Wednesday, March 10, 2010

The blog was written in the passive voice...

Active voice vs. passive voice is one of those things that I'd heard bantered about, but never truly understood.  I gathered that it was a way of writing and that it was preferable to write actively as opposed to passively.  That's about as far as I ever got.

According to Wiki:

The passive voice is a grammatical voice in which the subject receives the action of a transitive verb. Passive voice emphasizes the process rather than who is performing the action.

But what does that mean?  I didn't really know.  So I did a little homework and found out that active voice is when someone does something to something.  Passive is when something happens to something else, possibly by someone.  And yes, there is a difference!  Examples:

Active – John picked up the paper
Passive – The paper was picked up (by John – optional)

Notice how when using the active voice, John is the subject.  John is doing something to something.  It's direct.  He picked up the paper.  The sentence revolves around John and what he's doing.  Go John!
When switching to passive, the paper is now the subject.  Something is happening to the paper.  The paper isn't doing anything.  It's just sitting there waiting for something to happen to it.  John is optional at this point.  Who needs John anyway?

Passive voice is used more in business and/or scientific papers.  Like when writing about a reaction to some chemical interacting with another, example:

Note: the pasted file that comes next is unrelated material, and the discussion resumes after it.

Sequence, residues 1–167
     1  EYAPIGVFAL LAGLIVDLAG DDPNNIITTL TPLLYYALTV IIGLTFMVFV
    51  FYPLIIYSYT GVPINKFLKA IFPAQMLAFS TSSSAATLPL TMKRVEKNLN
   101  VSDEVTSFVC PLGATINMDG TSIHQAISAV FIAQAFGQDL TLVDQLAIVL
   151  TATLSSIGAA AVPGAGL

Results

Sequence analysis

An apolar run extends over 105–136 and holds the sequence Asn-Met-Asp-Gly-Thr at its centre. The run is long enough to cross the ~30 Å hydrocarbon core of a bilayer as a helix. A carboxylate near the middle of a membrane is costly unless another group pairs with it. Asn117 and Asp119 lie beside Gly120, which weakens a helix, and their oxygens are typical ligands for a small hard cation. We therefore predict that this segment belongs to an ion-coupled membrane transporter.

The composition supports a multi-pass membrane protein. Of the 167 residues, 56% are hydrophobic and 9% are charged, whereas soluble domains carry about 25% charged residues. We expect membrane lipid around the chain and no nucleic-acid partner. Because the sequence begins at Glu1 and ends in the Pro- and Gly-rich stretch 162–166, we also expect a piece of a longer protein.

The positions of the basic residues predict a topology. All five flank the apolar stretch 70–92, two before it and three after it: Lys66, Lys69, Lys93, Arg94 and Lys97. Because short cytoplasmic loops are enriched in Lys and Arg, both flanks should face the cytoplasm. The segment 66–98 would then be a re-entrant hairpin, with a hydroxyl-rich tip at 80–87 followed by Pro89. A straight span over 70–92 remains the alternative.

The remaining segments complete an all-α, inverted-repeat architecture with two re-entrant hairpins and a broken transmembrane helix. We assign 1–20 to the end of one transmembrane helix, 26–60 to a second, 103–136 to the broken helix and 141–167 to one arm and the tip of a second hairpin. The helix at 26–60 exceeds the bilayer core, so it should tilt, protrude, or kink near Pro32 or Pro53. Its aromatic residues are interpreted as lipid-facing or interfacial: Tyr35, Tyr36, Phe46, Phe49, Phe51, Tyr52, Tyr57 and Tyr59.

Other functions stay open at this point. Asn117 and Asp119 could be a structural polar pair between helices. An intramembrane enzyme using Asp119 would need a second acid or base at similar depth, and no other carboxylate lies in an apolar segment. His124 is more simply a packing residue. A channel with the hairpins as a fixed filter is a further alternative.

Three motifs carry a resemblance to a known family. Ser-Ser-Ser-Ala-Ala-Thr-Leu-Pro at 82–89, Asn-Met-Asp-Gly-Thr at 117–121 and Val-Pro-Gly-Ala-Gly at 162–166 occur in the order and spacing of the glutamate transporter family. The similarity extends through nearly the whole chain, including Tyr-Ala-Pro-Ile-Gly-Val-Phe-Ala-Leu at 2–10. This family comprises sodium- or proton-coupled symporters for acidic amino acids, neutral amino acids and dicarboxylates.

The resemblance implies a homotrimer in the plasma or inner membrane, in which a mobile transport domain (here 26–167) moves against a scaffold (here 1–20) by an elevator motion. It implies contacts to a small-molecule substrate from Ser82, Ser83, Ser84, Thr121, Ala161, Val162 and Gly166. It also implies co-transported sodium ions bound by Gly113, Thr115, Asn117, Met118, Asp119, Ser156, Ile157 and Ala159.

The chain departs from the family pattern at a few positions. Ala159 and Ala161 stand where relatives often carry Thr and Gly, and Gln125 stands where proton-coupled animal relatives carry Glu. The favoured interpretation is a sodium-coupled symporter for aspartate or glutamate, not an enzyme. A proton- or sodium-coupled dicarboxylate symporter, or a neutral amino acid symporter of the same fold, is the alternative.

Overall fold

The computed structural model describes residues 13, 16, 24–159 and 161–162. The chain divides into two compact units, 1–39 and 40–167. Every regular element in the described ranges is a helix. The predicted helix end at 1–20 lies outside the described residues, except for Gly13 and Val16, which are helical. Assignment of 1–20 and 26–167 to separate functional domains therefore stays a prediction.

Active - Charlie poured the chemical over the other, causing a reaction.  (Charlie is causing the reaction by pouring)
Passive – Chemical A was poured over Chemical B, causing a reaction. (Now it's Chemical A's fault that Chemical B reacted)

In the above example, the chemicals and their reactions have more significance than who actually poured one over the other, so poor Charlie being left out is probably a good thing in the scientific world.  Here it would be better to go with passive voice.
There are many more examples where passive is used, but I'm going to try to stick to fiction.

Speaking of fiction, it's usually better to go with the active voice.  Most stories are character driven to an extent.  Switching to passive voice keeps focus on objects and away from the characters and what they are doing.  Example:

Active – John picked up the lamp and threw it against the wall.
Passive – The lamp was picked up and thrown against the wall (by John – optional).

The active example is very violent.  We can tell that John is mad about something and taking out his frustrations on the innocent lamp.  (We've shown he's angry without having to say so, but more on that in future posts!) The focus is on John and his actions.  The lamp is secondary.  It could have been anything that John happened to be close to.  Just happened to be a lamp.
The passive example loses some of its umph.  We don't really get that John was upset, but more that the lamp got smashed to smithereens.  It's all about the lamp.  The fact that John threw it is inconsequential.  In essence, you just took a possible main character and made him take backstage to a lamp.  Must be some lamp! Maybe it's Tiffany's…